El Salvador's COVID vaccination campaign appears to slow
October was the deadliest month of the COVID pandemic in El Salvador according to official government statistics. Despite the surge of cases of the virus in this third wave of contagion in the country, the government stayed the course with its plan to vaccinate its way out of the pandemic starting with the arrival of the first shipments of vaccine into the country in February. Bars, restaurants, churches and sporting events remained open.
The government regularly posts the totals of first, second and third dose vaccinations administered on a daily basis. As of yesterday, November 8,
- 4,348,302 - have received at least one dose
- 3,923,083 - have received two doses
- 476,490 - have received a third booster shot
According to Salvadoran government figures from the EHPM study, the population of El Salvador is approximately 6.7 million, and there are approximately 600,000 children ages 5 and under who are not yet eligible to receive the vaccines.
Thus 64.9% of the total population or 71.3% of the eligible population have received at least one dose of the vaccine. (Comparable figures in the US are 68% and 79% respectively). That leaves 1.75 million Salvadorans who are eligible but still unvaccinated.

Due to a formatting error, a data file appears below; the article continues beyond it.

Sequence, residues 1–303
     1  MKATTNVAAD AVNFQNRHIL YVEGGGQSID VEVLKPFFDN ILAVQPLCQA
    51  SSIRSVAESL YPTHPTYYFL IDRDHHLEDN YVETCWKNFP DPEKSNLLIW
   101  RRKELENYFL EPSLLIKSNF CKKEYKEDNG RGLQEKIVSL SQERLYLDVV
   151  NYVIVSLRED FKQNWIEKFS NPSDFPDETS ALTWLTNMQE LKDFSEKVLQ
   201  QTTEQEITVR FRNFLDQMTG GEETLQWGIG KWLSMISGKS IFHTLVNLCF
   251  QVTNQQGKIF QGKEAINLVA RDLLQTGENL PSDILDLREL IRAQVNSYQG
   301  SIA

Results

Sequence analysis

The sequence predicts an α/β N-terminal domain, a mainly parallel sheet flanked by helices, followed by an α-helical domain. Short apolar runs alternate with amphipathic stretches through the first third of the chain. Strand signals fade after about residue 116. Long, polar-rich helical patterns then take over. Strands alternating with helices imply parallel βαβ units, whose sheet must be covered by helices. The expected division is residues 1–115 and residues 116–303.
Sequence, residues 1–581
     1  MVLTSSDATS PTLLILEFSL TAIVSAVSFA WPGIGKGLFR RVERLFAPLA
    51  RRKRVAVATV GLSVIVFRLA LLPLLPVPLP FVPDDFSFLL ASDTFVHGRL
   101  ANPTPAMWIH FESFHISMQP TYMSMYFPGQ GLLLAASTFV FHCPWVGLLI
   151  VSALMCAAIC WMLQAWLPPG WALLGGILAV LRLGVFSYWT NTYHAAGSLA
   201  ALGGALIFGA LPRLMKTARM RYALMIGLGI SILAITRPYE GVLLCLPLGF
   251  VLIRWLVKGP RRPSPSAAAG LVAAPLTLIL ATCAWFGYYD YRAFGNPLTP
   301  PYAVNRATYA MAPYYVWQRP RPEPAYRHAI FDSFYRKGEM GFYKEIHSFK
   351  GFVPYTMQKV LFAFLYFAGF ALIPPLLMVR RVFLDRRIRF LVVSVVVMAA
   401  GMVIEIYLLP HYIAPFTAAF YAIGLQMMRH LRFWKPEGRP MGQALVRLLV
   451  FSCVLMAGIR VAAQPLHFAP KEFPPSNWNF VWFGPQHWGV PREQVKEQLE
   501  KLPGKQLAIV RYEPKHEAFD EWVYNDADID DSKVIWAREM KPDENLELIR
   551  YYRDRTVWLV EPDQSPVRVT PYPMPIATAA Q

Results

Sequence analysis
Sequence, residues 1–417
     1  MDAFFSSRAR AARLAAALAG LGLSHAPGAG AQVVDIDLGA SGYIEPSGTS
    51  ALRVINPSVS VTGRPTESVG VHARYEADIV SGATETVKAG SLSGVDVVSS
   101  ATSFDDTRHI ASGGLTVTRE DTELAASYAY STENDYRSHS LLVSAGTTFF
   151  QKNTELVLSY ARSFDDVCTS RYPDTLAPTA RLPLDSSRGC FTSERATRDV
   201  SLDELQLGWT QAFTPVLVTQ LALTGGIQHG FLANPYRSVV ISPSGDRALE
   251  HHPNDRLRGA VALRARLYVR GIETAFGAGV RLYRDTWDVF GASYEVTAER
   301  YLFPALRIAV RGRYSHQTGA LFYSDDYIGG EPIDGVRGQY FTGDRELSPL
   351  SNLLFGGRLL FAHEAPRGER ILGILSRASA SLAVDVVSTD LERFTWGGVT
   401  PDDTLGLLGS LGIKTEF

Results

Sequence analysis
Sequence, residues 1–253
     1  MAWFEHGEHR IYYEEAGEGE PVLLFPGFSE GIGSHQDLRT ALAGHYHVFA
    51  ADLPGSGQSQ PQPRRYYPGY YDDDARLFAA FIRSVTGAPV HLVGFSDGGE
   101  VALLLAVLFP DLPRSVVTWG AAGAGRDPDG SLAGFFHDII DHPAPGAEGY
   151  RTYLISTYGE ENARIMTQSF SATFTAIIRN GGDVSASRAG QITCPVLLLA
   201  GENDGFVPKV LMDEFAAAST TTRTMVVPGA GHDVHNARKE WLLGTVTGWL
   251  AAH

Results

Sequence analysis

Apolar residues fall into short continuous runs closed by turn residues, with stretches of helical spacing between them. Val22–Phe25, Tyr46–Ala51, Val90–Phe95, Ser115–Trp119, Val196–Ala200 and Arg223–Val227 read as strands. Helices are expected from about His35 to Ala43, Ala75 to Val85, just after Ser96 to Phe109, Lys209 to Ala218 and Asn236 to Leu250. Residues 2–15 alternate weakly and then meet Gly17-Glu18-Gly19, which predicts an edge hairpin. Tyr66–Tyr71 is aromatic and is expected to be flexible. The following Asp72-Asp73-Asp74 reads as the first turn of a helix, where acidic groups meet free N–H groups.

The concerning point for El Salvador is that the pace of getting shots in the arms of the unvaccinated has slowed significantly in recent weeks. Yesterday, for example, more than three times as many people received their second shot compared to the number of unvaccinated people getting a first dose. And booster shots were almost twice as many as the first dose on November 8:
- 5,762 - first dose
- 18,031 - second dose
- 10,560 - booster
Unfortunately, we do not know anything about the unvaccinated population of 1.75 million in El Salvador. The government has not disclosed vaccination rates by age, location, rural or urban, etc. But at a rate of less than 6000 first dose injections per day and slowing, it will take a long time to reduce that number significantly.
This is not a case of insufficient vaccine supply. According to the Salvadoran government, it has millions of doses on hand. Nor is it a case of insufficient capacity to deliver more shots on a daily basis since earlier this year the country was vaccinating as many as 70,000 in a day.
Let me be clear - the Salvadoran government had done a good job to date in promoting COVID-19 vaccinations and getting them in people's arms compared to many similarly situated countries. But now the effort seems to be hitting a wall, and there's not enough data to tell you why.
Image source: PAHO.org